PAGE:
(Adds details on tax benefits, analyst)
Jan 16 (Reuters) - UnitedHealth Group Inc on Tuesday raised its outlook for 2018 earnings per share by more than 16 percent due to the U.S. corporate tax cuts and said it would speed up investments in data analytics and technology to better serve consumers.
UnitedHealth is the largest U.S. health insurer and the first to report fourth-quarter earnings, which it said rose to $2.59 per share, beating analyst expectations of $2.51 per share.
"We think many investors were worried there could be greater reinvestment and other offsets limiting the tax benefit and we expect the market to react favorably to the updated guidance," Evercore ISI analyst Michael Newshel said in a research note.
Shares of the largest U.S. health insurer rose about 1 percent to $231.65 in premarket trading on Tuesday after closing at $228.64 on Friday.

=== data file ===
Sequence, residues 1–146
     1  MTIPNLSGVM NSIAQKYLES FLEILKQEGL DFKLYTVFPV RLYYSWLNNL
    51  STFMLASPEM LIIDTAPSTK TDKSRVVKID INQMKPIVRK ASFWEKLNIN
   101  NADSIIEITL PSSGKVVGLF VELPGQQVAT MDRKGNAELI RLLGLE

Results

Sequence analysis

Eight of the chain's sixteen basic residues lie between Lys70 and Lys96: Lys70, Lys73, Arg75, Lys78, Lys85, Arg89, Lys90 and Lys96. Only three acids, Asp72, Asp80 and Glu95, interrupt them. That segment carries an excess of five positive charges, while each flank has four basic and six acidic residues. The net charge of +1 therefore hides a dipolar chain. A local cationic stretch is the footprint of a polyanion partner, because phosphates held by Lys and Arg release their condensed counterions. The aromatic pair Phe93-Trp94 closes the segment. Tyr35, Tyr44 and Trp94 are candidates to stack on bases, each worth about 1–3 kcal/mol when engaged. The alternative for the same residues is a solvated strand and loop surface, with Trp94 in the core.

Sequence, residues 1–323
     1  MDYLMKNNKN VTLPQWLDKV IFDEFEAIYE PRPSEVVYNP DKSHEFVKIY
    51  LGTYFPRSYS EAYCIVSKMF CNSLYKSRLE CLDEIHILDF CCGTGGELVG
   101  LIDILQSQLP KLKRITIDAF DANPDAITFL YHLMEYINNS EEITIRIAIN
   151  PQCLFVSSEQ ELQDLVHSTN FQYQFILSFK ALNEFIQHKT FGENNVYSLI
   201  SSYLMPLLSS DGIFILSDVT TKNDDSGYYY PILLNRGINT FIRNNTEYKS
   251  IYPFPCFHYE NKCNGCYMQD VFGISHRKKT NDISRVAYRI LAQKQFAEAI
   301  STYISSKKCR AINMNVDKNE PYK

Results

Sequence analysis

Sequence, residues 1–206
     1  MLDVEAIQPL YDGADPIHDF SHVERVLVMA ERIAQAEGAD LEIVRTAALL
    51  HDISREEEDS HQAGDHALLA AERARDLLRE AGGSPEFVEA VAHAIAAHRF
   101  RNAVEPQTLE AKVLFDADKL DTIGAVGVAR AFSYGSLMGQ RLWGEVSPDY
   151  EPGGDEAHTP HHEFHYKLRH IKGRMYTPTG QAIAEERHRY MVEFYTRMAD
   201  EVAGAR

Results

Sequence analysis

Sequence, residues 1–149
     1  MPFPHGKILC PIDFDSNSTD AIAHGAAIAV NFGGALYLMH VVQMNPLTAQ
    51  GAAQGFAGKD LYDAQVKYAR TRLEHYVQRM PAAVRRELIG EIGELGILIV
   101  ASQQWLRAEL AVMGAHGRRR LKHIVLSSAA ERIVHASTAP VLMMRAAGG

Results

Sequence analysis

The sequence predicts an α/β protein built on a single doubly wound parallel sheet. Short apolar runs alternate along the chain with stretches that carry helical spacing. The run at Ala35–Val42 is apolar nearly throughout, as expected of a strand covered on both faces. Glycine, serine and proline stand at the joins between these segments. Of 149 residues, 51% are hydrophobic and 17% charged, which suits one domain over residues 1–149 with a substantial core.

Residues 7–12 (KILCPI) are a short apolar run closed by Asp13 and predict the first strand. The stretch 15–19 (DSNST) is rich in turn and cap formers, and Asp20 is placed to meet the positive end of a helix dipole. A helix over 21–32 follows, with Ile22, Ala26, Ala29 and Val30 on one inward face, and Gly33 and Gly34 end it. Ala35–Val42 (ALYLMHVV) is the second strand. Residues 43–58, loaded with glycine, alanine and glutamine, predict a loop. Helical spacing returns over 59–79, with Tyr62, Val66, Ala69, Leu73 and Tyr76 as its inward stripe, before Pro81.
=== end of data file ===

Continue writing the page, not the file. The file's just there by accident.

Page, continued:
The company said it now expects 2018 full-year net earnings per share forecast range to be between $11.65 and $11.95, up from its prior forecast of $10.00 to $10.30 per share.
Excluding items, it sees 2018 earnings of $12.30 to $12.60 per share, compared to a previous outlook of $10.55 to $10.85 per share.
Corporate earnings in 2018 are expected to see a boost from the sweeping $1.5 trillion tax bill that President Donald Trump signed into law last month.
The health insurer said net earnings attributable to shareholders more than doubled to $3.62 billion, or $3.65 per share, in the quarter ended Dec. 31, from a year earlier.
The quarterly earnings included a one-time tax benefit of $1.21 per share. Excluding items, UnitedHealth earned $2.59 per share, beating analyst estimates of $2.51 per share.
Total revenue rose 9.5 percent to $52.06 billion, driven by growth across UnitedHealth's businesses.
Analyst on an average were expecting revenue of $51.5 billion, according to Thomson Reuters I/B/E/S.
Revenue from the company's Optum business, which manages drug benefits and offers healthcare data analytics services, rose 10 percent to $24.39 billion. (Reporting by Divya Grover in Bengaluru and Caroline Humer in New York; Editing by Arun Koyyur and Bill Trott)